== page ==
EU gives UK last chance for orderly Brexit

EU gives UK last chance for orderly Brexit


World News
EU leaders have quizzed Theresa May about the chances of her Brexit deal passing parliament.

EU leaders have quizzed Theresa May about the chances of her Brexit deal passing parliament.

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EU leaders say Britain has a final chance to leave the bloc in an orderly fashion, having given the UK parliament an April 12 deadline to offer a new plan or...

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EU leaders say Britain has a final chance to leave the bloc in an orderly fashion, having given the UK parliament an April 12 deadline to offer a new plan or choose to quit the bloc without a treaty.

Arriving for a second day of a summit dominated by talks over Britain's departure, Belgium's prime minister said he hoped for a rational decision by British lawmakers to back the withdrawal treaty that May concluded with Brussels.

Preparations for a no-deal, in which Britain would face sudden trade barriers and restrictions on business, were still underway, however, Charles Michel told reporters on Friday.

"This is perhaps the last chance for Britain to say what it wants for the future," Michel said. "More than ever, this is in the hands of the British parliament," he said, adding that the 27 EU leaders were not blind to the risks of a no-deal.

Luxembourg's Prime Minister Xavier Bettel said he believed May, who did not attend the second day of the summit, had a 50:50 chance of getting the deal through the House of Commons.

"Hope dies last with me," Bettel said.

Seven hours of summit brainstorming on Thursday kept a host of options open for leaders, who say they regret Britain's decision to leave but are eager to move on from what they increasingly see as a distraction.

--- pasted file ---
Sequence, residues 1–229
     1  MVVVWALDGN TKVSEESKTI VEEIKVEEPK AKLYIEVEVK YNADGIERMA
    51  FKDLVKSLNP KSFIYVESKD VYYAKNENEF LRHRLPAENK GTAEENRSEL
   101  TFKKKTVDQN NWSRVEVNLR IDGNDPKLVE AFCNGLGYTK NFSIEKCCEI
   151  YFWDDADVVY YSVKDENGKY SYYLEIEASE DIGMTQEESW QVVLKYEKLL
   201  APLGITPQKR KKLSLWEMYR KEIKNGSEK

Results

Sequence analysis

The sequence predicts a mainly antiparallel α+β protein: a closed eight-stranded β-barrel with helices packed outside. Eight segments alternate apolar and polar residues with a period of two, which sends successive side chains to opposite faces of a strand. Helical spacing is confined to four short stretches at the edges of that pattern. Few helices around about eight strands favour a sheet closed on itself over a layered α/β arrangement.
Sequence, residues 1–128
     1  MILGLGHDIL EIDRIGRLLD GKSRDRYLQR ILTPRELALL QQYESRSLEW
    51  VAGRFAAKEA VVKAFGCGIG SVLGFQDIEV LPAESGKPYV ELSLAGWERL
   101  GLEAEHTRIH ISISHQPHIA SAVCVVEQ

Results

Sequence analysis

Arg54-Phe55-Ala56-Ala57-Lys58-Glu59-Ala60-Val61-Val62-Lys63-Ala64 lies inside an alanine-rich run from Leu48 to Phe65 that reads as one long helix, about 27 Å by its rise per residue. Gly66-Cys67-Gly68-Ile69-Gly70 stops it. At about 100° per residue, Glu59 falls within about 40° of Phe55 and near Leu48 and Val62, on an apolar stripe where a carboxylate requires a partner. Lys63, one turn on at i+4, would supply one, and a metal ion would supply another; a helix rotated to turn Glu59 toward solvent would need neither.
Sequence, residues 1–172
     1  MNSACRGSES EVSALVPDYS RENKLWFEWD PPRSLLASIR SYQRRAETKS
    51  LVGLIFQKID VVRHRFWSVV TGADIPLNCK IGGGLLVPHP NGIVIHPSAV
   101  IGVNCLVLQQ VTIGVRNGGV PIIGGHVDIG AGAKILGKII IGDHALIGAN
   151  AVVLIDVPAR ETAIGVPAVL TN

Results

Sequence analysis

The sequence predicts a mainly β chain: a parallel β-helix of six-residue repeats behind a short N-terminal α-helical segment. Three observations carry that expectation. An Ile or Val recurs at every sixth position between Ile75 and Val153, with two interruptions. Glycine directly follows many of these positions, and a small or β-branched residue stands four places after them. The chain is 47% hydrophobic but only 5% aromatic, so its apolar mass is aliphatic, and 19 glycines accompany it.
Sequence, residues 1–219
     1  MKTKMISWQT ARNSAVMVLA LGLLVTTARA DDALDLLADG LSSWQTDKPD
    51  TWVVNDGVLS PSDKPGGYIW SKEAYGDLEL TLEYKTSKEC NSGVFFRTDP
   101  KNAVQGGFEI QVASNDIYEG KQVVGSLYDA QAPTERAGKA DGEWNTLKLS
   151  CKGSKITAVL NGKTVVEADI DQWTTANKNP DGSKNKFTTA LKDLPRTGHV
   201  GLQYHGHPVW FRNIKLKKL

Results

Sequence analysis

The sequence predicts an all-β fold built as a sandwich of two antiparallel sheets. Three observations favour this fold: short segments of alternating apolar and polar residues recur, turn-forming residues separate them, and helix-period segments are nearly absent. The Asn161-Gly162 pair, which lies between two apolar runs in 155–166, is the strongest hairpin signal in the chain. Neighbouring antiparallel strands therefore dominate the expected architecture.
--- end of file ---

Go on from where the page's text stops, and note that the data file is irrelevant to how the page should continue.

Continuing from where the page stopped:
May, who addressed leaders on Thursday but missed out on the dinner because the 27 were forced to focus on Brexit rather than China, was kept in the loop by summit chair Donald Tusk, the European Council president, who shuttled back and forth.

Tusk explained the leaders' thinking to May and secured her acceptance for the plans, officials said.

May originally wanted to be able to delay Britain's departure until June 30 to tie up legislative loose ends.

But now, a May 22 departure date will apply if parliament rallies behind the British prime minister next week. If it does not, Britain will have until April 12 to offer a new plan or decide to leave the European Union without a treaty.

That date corresponds to the six weeks' legal notice required for the EU election - which the bloc would insist Britain hold on May 23 if it remains a member. If it does not hold the election, leaders said, the very last date Britain must leave would be June 30, before the new EU parliament convenes.

"We wanted to support May and we showed that," German Chancellor Angela Merkel told reporters. "It was an intensive, but successful evening."

The leaders have pushed the trigger back to Britain, which will be confronted with making a choice by April 12 on whether to hold an EU election as part of a long-term rethink, or prepare to quit by May 22, or possibly in June, without a deal.

"Everything is now in the hands of the House of Commons. That's the message," a senior EU official said.

Australian Associated Press

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